I have seen the results John, and disappointingly the Vet prize categories only went up to V50, which is a very odd I would say. Still, you came 42nd and well deserve to claim those V65 bragging rights! Well done mate!
Liverpool Rock n Roll Marathon
Guy Riddell found himself over in Liverpool. Again……
So my 6th consecutive go at this great event, and as the only Harrier on the full, maximum points in the bag straightaway just for turning up. Shame it wasn’t in the club champs 😣
The weather was dreecht, as I’m sure the locals would say, with persistent drizzle and blustery winds, and cool (2.5 hillys on the Skusey scale). Naturally that meant just a vest top for me- and shorts, don’t worry folks – and that was about right, felt quite balmy mostly.
Having not trained as well as I would like and carrying a slight niggle (tight hamstring) I sensibly decided to take the start easy and feel my way into the race. That went great until the countdown from 10, and I crossed the start line and started bounding down the road with gay abandon – or should it be LBGAT abandon? Either way it was too fast and the only sensible thing to do was rein it in and settle into sensible pace. Which is exactly what didn’t happen next.
The first 10k are largely uphill to Goodison Park then round Stanley Park for what felt like another 10k before skirting past Anfield – not through Anfield this time, apparently there was a Magic Rugby League game going on, broomsticks & wands, the lot. The run continued through various other parks: Sefton, Princes, Everton; and at 18 miles coming up to Penny Lane – where a DJ is tasked with playing a Beatles track which escapes me on a loop for hour after hour – I was still keeping the suicide pace going. Of course that’s where it started to go wrong. My calves started cramping, my tight hamstring started to tighten, and my energy levels went for a burton.
I kept it together till the last few miles, with the weather much brighter but a lot windier, but then it became a bit of a battle to the finish & the beer along the less than inspiring water front, with quite a headwind.
I finished in about 3:34, so a couple of minutes off my PB and the wait for 3:30 goes on (Chester maybe?)
Positives– Forrest Gump was sat on a bench in Stanley Park, bubba gump cap and all; finished in time to get my beer and watch the free band.
Negatives- didn’t get to see the Glossop half mara crew; route changes meant at least 5 underpasses added to the route, all with sharp turns at each side; the band was Toploader.
Well done Guy, and being just 2 minutes off your PB over that distance aint bad at all. As you said, you have another bite at the cherry at Chester, and plenty of blue and orange around to keep you “motivated”.
Also running the marathon was Ellen Wilson (tbh I’m not sure if she is still GDH?). None the less, pleased to see her finish with husband Luke in 4.47.18.
I believe Zoe and Adrian Gent also ran the Half Marathon 2.49.54 and 2.17.48 respectively. Well done guys!
Voted as the fastest marathon in the UK by Runners World, Craig Leith went north to find out. Whilst I’m a bit thin on information here, I know for a fact that 3.08.52 is a very fast time. Well done Craig!!!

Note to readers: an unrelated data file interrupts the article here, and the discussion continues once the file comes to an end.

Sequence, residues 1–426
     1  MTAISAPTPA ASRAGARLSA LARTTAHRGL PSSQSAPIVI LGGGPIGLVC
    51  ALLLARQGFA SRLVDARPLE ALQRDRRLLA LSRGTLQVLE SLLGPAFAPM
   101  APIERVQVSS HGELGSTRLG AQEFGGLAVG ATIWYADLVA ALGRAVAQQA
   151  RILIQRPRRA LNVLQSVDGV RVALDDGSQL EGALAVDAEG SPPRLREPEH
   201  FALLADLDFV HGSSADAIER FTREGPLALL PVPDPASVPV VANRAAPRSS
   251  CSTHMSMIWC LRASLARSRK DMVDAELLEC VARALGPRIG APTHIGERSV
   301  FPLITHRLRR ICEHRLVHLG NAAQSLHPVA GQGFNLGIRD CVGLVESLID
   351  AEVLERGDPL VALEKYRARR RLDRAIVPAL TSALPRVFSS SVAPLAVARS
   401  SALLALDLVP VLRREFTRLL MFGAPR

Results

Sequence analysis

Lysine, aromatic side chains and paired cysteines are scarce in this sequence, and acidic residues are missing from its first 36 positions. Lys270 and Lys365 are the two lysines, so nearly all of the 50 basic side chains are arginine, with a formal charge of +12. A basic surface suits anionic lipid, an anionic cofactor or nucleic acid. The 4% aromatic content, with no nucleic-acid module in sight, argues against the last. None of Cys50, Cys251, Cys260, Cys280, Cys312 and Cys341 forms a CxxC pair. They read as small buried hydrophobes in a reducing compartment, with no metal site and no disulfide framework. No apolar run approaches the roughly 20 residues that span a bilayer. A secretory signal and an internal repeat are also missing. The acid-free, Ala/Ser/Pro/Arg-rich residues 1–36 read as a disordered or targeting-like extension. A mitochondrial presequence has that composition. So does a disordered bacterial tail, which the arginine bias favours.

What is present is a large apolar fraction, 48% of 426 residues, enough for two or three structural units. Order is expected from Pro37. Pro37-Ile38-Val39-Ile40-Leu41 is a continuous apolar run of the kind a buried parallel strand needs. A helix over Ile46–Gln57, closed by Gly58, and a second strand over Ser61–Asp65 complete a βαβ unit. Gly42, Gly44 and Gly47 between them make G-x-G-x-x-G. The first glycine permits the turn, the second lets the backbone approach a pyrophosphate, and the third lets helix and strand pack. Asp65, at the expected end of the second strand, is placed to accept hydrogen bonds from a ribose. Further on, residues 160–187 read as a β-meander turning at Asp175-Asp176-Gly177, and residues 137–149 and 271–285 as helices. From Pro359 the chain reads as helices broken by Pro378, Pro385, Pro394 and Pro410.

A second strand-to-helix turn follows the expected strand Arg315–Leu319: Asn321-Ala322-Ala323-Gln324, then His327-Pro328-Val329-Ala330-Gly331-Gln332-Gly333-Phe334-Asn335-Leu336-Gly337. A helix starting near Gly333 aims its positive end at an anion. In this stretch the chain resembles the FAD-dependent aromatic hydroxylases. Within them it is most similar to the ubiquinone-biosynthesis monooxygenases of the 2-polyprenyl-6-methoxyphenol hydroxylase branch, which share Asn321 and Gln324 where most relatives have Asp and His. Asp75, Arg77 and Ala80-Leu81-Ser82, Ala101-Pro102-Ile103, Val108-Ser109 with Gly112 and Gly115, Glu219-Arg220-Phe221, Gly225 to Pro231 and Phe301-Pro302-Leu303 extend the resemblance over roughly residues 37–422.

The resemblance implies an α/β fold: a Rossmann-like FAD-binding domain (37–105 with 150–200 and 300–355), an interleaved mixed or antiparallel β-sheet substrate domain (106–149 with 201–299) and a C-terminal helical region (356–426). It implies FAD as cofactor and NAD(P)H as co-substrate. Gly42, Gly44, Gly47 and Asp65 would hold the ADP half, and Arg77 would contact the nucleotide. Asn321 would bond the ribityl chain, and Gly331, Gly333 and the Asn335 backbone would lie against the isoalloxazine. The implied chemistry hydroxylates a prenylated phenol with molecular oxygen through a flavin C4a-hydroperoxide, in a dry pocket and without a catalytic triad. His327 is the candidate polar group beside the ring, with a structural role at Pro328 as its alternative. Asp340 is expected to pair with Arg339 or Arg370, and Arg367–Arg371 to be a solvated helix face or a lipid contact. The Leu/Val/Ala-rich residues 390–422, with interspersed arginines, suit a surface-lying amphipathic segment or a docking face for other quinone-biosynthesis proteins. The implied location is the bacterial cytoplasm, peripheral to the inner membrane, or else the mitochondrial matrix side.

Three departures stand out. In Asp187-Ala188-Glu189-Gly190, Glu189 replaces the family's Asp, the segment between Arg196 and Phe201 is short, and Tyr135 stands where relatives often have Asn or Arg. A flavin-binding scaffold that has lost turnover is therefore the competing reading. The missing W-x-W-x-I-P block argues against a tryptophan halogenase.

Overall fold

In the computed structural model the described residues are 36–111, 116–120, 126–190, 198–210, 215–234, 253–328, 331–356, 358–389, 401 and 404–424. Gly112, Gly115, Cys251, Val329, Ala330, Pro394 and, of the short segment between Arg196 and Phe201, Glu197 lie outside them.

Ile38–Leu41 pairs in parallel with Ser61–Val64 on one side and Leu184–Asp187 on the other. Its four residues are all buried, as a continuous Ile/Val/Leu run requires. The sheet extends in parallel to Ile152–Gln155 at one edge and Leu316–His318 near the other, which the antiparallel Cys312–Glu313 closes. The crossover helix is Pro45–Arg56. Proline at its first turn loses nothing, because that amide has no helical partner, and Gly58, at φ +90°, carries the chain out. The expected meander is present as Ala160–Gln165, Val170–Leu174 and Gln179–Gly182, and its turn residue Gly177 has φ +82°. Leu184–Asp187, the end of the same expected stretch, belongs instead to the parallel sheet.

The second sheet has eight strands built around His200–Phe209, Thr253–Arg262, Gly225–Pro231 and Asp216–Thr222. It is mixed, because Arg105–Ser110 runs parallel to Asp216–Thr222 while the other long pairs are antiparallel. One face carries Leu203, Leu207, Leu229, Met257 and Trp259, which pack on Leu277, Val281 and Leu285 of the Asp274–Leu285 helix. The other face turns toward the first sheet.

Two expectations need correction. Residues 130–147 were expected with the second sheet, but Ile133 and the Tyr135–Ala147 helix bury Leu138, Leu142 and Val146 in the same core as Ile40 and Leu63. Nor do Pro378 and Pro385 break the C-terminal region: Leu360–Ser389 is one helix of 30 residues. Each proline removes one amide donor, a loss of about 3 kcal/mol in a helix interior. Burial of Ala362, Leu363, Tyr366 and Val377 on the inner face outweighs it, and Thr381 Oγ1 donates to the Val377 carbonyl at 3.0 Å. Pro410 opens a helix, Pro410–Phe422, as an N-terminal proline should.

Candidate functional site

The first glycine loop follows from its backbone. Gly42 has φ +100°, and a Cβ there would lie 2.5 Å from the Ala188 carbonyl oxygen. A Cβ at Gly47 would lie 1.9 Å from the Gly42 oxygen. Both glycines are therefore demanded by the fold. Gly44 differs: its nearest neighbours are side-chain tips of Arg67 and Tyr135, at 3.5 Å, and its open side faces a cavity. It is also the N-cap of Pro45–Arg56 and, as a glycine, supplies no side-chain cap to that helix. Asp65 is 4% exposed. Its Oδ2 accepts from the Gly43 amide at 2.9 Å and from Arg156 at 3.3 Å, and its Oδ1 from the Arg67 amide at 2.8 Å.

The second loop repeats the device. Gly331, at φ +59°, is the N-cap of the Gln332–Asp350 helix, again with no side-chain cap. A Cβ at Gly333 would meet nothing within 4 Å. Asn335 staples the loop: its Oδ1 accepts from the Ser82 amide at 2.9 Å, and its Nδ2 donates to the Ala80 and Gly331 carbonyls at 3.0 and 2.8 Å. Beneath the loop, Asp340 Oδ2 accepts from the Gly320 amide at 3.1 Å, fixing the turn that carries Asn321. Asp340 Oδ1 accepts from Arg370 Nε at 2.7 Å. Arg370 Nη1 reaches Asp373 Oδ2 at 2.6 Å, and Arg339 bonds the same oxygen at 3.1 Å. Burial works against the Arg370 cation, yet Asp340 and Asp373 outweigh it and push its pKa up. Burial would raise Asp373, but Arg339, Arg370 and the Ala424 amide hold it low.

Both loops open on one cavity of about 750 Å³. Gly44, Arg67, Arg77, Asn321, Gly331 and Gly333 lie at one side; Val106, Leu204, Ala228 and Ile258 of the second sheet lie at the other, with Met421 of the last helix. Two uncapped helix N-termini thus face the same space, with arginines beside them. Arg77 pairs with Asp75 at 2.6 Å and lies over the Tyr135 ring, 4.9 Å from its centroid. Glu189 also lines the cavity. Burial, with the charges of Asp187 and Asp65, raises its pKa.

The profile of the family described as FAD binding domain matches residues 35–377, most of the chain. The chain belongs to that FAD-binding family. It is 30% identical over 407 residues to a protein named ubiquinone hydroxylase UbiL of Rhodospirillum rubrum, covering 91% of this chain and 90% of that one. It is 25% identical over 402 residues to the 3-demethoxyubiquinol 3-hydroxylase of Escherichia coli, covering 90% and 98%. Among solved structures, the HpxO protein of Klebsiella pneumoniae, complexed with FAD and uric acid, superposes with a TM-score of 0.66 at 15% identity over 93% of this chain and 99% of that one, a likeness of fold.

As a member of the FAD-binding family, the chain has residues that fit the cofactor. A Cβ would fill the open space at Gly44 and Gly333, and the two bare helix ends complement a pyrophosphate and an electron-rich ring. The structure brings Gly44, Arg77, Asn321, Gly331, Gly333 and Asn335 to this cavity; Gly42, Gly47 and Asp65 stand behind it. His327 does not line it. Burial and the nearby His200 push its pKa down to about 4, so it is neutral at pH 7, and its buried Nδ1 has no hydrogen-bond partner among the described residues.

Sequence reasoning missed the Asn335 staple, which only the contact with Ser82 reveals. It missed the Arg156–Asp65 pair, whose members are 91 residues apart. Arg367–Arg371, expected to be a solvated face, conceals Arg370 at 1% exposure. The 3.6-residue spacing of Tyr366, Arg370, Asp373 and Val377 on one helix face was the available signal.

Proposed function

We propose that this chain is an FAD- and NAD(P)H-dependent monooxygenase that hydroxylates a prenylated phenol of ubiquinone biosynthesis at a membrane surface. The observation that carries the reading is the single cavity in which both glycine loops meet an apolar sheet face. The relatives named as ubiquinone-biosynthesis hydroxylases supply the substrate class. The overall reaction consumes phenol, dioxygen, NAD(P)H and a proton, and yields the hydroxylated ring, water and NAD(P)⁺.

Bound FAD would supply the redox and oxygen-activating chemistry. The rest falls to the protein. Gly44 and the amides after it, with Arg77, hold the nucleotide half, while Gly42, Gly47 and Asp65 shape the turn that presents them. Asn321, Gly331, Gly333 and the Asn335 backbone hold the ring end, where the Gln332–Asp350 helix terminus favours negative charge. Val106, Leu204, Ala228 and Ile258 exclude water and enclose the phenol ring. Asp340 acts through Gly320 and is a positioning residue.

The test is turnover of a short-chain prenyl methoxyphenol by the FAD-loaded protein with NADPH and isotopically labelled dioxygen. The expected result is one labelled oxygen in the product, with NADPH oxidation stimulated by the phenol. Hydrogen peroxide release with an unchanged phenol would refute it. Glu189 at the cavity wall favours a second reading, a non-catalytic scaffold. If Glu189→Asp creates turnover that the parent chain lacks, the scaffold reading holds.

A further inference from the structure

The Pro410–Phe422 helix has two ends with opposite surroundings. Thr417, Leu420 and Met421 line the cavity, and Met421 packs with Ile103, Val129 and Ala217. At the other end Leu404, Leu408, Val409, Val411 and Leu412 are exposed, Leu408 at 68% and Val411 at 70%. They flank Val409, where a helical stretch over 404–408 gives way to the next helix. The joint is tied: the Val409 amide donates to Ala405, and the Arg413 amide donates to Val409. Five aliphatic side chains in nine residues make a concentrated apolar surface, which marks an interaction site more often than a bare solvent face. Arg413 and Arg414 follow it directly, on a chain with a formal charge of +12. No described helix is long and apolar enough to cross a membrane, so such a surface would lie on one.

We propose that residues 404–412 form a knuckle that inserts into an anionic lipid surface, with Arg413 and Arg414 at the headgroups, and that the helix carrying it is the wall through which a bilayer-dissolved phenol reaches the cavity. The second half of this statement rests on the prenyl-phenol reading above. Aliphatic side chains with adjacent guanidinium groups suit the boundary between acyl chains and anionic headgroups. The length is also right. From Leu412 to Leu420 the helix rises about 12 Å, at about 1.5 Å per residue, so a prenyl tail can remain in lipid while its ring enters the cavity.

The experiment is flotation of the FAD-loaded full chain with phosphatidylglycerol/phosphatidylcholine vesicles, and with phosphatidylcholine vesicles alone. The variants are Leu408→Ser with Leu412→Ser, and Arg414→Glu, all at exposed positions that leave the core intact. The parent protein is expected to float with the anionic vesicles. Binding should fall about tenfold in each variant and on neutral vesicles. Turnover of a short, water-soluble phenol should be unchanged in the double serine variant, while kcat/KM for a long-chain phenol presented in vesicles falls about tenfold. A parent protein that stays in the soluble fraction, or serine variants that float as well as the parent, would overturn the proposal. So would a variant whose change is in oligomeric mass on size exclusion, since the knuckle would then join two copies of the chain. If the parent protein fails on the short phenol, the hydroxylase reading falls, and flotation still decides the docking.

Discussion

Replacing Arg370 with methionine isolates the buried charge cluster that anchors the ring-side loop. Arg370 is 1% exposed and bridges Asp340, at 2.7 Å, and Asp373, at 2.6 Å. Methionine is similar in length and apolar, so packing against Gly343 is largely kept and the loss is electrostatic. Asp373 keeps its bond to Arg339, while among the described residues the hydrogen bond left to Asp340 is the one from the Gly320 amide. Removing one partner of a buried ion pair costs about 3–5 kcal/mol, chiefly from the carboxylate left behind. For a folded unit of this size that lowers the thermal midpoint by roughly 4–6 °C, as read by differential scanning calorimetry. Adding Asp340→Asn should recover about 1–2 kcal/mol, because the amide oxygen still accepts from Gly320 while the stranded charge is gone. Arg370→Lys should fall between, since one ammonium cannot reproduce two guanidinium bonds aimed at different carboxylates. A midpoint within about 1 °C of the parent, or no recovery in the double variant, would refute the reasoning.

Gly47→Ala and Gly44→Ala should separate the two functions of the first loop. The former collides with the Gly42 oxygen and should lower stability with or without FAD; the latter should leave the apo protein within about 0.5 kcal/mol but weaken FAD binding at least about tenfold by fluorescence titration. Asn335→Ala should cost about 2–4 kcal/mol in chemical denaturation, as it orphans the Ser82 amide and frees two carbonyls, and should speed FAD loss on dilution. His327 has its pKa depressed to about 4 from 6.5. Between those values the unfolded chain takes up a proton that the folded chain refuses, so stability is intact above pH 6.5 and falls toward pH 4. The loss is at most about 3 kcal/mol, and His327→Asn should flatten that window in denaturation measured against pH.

A bit more than a running race and looks darn good fun, Andy Burnett was Target Sprinting again. Nicked this from Strava……
Second Place, Podium Finish out of 4 Runners… – Better Shooting on smaller targets, let down by leaving sun glasses on in first transition which misted up. Might have been quicker if I had taken them off sooner…
Transition 1 – Shooting Cycle – 74 seconds
Transition 2 – Shooting Cycle – 50 seconds
Unofficial overall time 6 minutes 40 seconds
Bamford Sheepdog Trials
Displaying worrying signs of withdrawal from his regular mid week fix, a grumpy Paul Skuse took to social media and made a passionate plea this week, to get more of us out on the local fell race scene. He’d cheered by by Monday it seems, and kindly sent in this report from Bamford….
Well the Bamford curse is getting worse not better. It all started so well, plenty of parking space, great weather and a respectable GDH turnout with me, Ben Naylor, Rich White and Tim Culshaw. Then the curse started to show itself, slowly at first, with the race entry being £5 instead of the advertised £4. We also arrived too late for a warm up and I was thirsty on the start line which is never a good sign. The route is simple, a very fast flat trail start for a mile and a half then a full on climb up Parkin Clough (harder than I remember TBH, lots of hands on knees) then up, up, up to the trig on Win Hill. I mis-remembered the downhill. It’s not technical, it’s just fast. Half way down the curse kicked things up a notch when Ben Naylor heard his ankle pop (though he carried on running cos that what he does). Apparently, it really hurts so fingers crossed for him.
Tim C and I encountered the same aspect of the curse when our little group went the wrong way as nobody could see a flag and one bloke behind shouted “Go down on the left!” so we did. I think at least a dozen of us did this and then, when realizing our error, had to decide whether to go back or to just keep going and hoping the paths would converge. Just ignore any comments from Tim – he’s as much of a muppet as me. We both just followed the herd. So I’ve no idea about results. I’ve no idea about distances ran; I do know that I enjoyed it and that Ben’s mate, Ben (didn’t get his surname but he’s rocking a cool 70’s hairdo and ‘tache) did his first fell race, did the right route and wants to join GDH so I’m calling today a win.